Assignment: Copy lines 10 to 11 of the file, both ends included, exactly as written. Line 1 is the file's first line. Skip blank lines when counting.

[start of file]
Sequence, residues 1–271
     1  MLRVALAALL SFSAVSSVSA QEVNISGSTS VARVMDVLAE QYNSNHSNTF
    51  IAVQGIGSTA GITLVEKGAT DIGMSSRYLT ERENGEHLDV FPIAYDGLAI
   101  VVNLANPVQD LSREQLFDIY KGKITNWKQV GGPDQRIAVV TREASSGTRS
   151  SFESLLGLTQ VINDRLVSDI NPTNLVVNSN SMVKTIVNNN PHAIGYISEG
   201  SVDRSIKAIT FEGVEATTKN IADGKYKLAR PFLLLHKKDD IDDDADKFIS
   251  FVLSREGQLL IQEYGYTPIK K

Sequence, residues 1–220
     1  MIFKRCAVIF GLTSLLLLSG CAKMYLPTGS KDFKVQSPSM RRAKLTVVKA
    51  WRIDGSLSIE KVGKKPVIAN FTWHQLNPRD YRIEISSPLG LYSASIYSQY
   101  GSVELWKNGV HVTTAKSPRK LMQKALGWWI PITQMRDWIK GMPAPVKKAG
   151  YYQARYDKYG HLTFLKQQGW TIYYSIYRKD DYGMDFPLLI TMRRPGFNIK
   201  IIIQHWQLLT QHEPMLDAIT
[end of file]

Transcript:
    51  WRIDGSLSIE KVGKKPVIAN FTWHQLNPRD YRIEISSPLG LYSASIYSQY
   101  GSVELWKNGV HVTTAKSPRK LMQKALGWWI PITQMRDWIK GMPAPVKKAG